Someone-and I am sorry that I cannot recall who-used the term “hyperpluralism” to describe this awful, confusing, obnoxious, and unpalatable mix of ingredients that makes health care reform of any serious kind almost impossible (at least for the last 50 years). Too many things have to be changed at the same time by too many people and interests with too many different perceptions and agendas. What we have is piecemeal incrementalism, improved coverage of children (a liberal effort on the whole) but not of adults, and the George W. Bush Medicare pharmaceutical plan (a conservative effort on the whole). Neither, however, presages a clear move one way or the other in the medicine-market argument. For liberals, the improved coverage of children is still too little reform, but for conservatives of a dedicated kind, the Bush drug plan is nothing less than the conspicuous menace of big government and unmanageable budget deficits promoted by a turncoat President.
Can anything be done about all this by those of us in bioethics? I have a few suggestions. We might rethink the primacy of the words “justice” or “equity” as the main vehicles for introducing ethics into the health care field. Just as the language of a “right to health care” was gradually abandoned in the 1980s, lacking in political punch and too much part of a tsunami wave of claimed rights, so also justice has its drawbacks as well. It is well known, for instance, that it is harder to make a case for positive rights (the right to something, and an obligation on the part of others to provide it) than for negative rights (the right to be let alone to have our own values and live our own life). But even if the former case can be plausibly made by philosophers, its carrying power in the political marketplace is not great; good philosophical theories do not necessarily move the political will of ordinary people.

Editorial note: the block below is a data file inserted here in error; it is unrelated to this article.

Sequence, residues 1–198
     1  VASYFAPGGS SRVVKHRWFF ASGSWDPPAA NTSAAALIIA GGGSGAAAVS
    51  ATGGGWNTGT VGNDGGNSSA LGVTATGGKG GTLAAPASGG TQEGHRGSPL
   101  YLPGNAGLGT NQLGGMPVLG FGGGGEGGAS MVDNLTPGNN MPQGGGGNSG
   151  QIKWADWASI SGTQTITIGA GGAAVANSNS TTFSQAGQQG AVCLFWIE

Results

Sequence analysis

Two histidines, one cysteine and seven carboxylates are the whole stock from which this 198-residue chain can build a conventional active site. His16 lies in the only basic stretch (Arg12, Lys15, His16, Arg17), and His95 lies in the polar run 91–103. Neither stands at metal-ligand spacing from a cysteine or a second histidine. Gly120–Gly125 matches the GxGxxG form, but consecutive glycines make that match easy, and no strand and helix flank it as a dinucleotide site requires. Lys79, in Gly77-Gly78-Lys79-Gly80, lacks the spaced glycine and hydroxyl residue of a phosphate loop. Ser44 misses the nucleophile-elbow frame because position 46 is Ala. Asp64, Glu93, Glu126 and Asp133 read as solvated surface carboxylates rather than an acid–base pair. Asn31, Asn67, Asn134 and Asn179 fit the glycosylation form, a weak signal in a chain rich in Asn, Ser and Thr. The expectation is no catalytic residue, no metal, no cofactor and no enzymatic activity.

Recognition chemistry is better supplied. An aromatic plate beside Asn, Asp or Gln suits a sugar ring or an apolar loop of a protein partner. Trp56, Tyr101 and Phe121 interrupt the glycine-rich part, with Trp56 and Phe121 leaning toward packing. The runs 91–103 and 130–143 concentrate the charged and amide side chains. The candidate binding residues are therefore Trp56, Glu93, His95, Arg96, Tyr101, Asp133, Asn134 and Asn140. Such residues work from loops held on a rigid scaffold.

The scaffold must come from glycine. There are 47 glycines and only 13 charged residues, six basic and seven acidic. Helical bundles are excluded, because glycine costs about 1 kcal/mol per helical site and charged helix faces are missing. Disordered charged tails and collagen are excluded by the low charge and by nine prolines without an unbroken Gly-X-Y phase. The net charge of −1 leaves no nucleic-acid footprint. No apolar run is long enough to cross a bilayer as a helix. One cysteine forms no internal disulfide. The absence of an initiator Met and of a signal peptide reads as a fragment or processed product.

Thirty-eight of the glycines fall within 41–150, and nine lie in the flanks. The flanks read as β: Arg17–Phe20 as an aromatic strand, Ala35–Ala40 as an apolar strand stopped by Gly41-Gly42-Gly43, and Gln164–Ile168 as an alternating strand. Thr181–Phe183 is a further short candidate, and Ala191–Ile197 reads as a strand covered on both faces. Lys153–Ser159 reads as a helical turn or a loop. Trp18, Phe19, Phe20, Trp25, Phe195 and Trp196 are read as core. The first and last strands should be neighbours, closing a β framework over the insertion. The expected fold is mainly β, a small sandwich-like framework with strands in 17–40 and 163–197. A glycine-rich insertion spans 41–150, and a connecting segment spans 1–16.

My alternative concept would be the concept of solidarity, a deep and longstanding part of the European health care tradition and the historical stimulus for its universal health care systems. It is a concept that embodies, even if not explicitly, Adam Smith’s idea of the centrality of empathy as a moral value. We can all see, and will experience ourselves, the pain and suffering of illness-empathy is thus easy to come by. And we can all understand that when we are ill we will need the help of others, financially, physically, and psychologically; the value of solidarity becomes self-evident when that happens. One might object that solidarity is a European and not an American moral concept. Yet those we have tried to use in the U.S.-rights and justice-have not worked well; they elicit a poor response. We have little to lose by trying out some new language, in this case some old-country language with a good political track record.
Another suggestion would be that we think more deeply and imaginatively about the idea of interdisciplinarity. I for one have found it very difficult to find good ways of joining the language and methodologies of economics and those of ethics; and even more difficult to know how best to put that combination in a way that might make sense to a legislator (and good political science is not necessarily a help there either). As the health economist Uwe Reinhardt once noted, it is not just that “the devil is in the details,” but also that “god and the devil are in the details.” It is in the political arena where the details come to matter, much more than moral theory; and where the details can sometimes sway those with fixed ideological positions. But those of us in bioethics do not know well how to make the move to those details (the field has done it better in clinical medicine).
In short, can we find something useful to say about coping with hyperpluralism? Here is what would seem a key point of agreement: a good society is one that provides good health care for its citizens. The challenge is to deal with the details.
Published on: March 8, 2006
Published in: Health Care Reform & Policy